The young Ghanaian visual artist discusses the themes of mental health and anxiety in his Mujahid series

With his interests in psychology and storytelling, and natural talents across photography, film and the written word, Hakeem Adam’s work takes an intersectional approach. The young Ghanaian multi disciplinary artist is finding favour for his conceptual projects that have been presented everywhere from this year’s Chale Wote Street Art Festival in his native Accra to a residency in Maputo. Here Adam discusses his current body of work, the Muhajid series, which considers the philosophy of Jihad as a way to examine the artist’s own struggle with anxiety and wellness.

How did you first get into photography?
I studied poetry and creative writing at university, so I was writing a lot in the aim to get it published. Then, I decided to focus more on photography and learning about telling stories in unique ways. I like to experiment with many art forms - poetry, writing, sound, design, video - and don’t limit myself to a particular field. I got my first cameras in late 2015, both digital and analogue, because I wanted to transition into different photographic styles and elements.

What have been some of your career highlights to date?
Early this year I won the Portraits Ghana Photo Prize 2018, organised by the Dutch embassy in partnership with Nuku Studio. I have been part of eight exhibitions and had the chance to venture to Mozambique recently to develop my photography and video art as part of the ColabNowNow residency.

How would you describe your photographic practice today?
Documentary and street photography were my early influences but I am moving more towards experimental and concept-driven photography. I study the attention to narrative and detail in documentary photography and the speed of street photography to try and find ways to translate these elements into my concepts. Photography is a really powerful tool because people are drawn to the immediacy of the medium. I have found that photography is an essential way to start conversation. That’s why I decided to work more on not just presenting the viewer with single layers. I am trying to get you to think about the multiplicity of perspective that can come from one image.

Please describe your ideas behind the Mujahid series.
The goal was just to share part of myself with my audience in the most arresting and engaging way I could. In creating Mujahid, I was talking about my mental health by trying to link it to the Islamic philosophy of Jihad, which preaches that you should struggle through your adversaries to get to a better place. I attempted to make the philosophy work for me in a literal sense in that struggle promises some sort of relief and freedom. I then thought about how to translate the philosophy into images. I found the use of double exposure useful, as it creates an almost lenticular print, in which you can look at it see different perspectives and depths. This reflects my experiences of anxiety, which are not linear and don't take a singular trajectory. There is also an interesting resonance to my use of double exposure. At the very basic level this is portraiture of a black male and some bright pop art colours, which when talking about black masculinity, aren’t elements you often see together. It has been an interesting experiment and it has blossomed. I started with five images and I now have created eleven. And during my time in Maputo, I had the chance to transform the project into a video art installation, which expands upon these themes.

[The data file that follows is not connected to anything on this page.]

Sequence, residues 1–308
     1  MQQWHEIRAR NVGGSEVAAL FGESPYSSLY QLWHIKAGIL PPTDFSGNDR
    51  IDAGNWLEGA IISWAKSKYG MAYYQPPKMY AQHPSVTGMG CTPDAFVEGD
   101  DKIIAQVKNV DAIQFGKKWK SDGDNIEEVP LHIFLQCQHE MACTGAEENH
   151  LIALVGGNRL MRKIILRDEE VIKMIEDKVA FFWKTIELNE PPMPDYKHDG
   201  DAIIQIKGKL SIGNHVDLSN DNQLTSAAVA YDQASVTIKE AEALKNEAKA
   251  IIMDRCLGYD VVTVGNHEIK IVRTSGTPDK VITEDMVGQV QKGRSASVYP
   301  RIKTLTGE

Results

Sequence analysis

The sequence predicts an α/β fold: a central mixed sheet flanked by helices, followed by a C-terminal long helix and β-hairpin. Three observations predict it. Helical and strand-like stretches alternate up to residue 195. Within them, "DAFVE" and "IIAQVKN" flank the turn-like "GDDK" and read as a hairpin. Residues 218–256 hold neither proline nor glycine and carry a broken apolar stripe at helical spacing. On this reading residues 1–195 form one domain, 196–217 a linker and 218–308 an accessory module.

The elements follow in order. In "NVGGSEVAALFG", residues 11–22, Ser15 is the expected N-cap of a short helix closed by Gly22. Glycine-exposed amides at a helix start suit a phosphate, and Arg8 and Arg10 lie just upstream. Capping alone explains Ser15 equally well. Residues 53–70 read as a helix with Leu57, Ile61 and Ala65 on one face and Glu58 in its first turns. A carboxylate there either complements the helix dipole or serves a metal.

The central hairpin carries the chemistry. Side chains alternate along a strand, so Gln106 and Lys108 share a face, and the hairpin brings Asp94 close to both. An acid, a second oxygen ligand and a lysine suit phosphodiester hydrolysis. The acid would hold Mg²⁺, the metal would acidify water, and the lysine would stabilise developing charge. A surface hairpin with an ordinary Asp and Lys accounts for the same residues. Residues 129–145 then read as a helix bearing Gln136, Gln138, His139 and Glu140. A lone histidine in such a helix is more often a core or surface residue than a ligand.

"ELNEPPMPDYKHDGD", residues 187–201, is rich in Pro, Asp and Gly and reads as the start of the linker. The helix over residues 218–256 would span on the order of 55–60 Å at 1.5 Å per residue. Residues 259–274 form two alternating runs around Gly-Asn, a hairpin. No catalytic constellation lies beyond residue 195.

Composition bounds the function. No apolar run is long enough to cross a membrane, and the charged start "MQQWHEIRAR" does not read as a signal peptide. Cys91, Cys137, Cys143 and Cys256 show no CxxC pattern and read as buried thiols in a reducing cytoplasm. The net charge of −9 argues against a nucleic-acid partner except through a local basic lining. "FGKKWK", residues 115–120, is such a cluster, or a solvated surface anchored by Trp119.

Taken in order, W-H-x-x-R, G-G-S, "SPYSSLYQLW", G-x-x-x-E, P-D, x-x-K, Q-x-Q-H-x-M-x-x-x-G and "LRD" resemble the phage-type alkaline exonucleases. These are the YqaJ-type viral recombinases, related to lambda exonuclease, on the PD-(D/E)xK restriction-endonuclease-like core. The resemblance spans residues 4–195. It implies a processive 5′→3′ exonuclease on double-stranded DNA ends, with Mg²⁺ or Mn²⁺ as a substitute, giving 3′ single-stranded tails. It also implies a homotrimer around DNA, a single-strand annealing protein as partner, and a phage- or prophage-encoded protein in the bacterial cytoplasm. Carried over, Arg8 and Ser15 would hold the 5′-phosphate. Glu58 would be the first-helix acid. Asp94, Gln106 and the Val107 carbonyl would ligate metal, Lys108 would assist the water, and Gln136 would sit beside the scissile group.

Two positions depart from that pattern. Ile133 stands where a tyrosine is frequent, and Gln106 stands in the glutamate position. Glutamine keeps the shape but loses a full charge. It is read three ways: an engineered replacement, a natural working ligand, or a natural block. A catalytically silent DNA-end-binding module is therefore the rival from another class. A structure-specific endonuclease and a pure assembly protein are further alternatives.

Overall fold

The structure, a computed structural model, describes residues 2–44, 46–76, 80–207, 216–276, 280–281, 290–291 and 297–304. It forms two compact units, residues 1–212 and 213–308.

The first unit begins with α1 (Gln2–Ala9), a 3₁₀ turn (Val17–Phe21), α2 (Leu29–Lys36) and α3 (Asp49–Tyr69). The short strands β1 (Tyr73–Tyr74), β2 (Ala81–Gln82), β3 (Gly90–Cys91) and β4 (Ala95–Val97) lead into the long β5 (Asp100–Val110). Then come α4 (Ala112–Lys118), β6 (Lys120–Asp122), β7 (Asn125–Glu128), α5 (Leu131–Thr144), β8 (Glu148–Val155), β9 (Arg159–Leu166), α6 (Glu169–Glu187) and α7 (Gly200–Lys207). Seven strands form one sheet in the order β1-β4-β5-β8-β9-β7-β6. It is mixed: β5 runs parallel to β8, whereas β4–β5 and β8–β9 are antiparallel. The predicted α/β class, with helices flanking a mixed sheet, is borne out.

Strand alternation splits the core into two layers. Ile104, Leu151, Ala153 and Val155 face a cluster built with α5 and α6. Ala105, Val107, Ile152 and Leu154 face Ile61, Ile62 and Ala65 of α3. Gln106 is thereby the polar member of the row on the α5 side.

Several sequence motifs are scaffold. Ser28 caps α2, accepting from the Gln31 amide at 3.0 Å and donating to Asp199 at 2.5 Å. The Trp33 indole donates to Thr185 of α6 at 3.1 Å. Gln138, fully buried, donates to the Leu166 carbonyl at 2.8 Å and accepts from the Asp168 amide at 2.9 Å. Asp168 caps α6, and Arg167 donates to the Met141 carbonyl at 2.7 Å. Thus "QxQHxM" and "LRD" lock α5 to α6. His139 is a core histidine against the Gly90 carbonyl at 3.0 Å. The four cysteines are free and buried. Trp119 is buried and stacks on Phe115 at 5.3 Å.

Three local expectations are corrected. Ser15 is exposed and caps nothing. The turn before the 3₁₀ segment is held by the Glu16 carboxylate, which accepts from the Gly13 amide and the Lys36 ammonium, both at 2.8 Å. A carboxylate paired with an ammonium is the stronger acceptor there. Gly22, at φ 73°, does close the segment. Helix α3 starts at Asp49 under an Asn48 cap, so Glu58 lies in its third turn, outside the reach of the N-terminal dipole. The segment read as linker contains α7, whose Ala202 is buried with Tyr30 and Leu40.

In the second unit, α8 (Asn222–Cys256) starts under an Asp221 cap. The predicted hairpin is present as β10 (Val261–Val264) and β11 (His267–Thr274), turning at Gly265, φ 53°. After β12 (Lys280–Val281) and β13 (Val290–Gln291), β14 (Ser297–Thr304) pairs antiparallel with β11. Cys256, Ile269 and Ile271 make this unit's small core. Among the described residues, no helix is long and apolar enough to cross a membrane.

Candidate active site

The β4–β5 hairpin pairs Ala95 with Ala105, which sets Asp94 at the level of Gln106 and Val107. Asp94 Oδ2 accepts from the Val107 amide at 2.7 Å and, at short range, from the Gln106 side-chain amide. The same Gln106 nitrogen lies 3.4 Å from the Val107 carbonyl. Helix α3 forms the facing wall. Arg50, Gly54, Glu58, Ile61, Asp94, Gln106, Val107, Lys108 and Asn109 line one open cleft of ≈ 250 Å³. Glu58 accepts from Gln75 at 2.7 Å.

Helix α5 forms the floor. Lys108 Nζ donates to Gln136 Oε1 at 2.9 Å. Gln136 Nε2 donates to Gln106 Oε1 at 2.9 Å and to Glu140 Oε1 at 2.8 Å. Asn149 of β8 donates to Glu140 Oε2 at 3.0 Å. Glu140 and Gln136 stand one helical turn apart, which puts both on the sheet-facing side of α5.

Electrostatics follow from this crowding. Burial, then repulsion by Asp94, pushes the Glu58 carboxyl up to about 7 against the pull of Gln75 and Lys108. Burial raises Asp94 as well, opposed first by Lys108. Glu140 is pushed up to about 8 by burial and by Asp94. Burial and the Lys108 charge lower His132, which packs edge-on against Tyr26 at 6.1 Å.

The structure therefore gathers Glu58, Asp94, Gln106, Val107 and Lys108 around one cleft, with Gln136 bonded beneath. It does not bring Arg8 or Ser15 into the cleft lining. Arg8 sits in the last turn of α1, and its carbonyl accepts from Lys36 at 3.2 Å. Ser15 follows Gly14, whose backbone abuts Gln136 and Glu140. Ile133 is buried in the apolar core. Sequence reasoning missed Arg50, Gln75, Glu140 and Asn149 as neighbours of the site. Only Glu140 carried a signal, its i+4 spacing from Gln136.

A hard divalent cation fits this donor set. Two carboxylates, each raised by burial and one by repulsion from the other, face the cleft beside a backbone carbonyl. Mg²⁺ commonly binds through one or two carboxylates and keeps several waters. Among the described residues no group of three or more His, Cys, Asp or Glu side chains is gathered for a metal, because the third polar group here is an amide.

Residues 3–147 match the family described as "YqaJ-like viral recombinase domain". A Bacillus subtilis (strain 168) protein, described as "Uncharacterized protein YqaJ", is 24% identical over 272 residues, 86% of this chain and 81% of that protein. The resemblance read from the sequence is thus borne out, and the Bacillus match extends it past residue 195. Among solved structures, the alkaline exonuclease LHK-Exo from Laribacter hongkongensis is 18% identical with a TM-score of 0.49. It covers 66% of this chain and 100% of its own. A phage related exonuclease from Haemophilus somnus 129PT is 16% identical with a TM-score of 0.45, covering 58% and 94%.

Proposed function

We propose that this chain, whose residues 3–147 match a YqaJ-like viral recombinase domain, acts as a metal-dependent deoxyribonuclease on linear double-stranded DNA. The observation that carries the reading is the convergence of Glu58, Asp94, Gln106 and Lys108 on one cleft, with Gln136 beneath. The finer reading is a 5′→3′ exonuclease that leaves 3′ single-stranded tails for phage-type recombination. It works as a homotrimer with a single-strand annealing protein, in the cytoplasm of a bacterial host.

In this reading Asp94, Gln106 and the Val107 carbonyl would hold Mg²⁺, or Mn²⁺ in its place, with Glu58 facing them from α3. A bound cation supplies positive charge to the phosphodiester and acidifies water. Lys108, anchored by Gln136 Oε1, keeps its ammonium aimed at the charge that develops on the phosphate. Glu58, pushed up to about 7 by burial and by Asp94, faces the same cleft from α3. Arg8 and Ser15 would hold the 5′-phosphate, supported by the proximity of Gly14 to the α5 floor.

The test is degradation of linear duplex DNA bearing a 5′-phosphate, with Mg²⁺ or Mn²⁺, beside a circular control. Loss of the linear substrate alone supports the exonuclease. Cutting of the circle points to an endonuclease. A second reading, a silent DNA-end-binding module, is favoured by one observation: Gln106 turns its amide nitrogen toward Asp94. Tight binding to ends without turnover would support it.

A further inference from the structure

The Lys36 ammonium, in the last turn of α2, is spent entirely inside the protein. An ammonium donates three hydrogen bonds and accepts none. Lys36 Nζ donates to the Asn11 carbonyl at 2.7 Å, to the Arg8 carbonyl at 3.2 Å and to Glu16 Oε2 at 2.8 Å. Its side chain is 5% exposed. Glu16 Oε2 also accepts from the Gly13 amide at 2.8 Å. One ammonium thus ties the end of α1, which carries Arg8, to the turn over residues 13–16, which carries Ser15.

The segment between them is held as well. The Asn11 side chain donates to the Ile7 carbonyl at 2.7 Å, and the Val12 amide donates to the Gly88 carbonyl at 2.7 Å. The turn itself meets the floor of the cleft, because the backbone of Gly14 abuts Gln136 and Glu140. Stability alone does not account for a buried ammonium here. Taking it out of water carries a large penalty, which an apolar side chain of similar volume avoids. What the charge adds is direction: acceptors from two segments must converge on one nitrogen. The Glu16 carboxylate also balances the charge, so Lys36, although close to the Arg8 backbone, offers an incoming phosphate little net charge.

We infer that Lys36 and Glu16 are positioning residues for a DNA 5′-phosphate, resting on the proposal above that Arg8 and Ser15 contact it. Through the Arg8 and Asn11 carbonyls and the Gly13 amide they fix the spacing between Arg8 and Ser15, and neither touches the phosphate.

Do you often put so much of yourself into your projects?
My work is almost always autobiographical. I cannot divorce myself from my practice. I have found that it is the most intimate way to communicate. When your work is personal, people can identify with it. I also studied psychology and mental health at university, so I was privileged to have the chance to understand the different ways that anxiety manifests and how it is managed in different cultures. This was a good way to embed myself into the work, even though I am not the model in the images.

How thriving is the Ghanaian photography scene?
There are lot of talented photographers and it has grown much over the years. There are many people that I look up to and a real sense of community. Most of the older photographers are interested in helping younger photographers, like myself, by offering advice and opportunities. So, it is definitely a healthy photographic scene and I am very proud to be part of it.

What are your current and future plans?
At the moment I’m working on a new video art series very loosely based around dreaming. And I am gearing for my first solo exhibition next year. A lot of my future will be focussed on creating interactive work exploring personality psychology, abnormal psychology and social psychology. Being an artist and a learner, I am interested in multi-disciplinary art. I am excited about what I am creating right now in photography, especially in the use of double-exposure and portraiture, and hope to create more immersive photography incorporating sound, video and design.


Published on 19/12/2018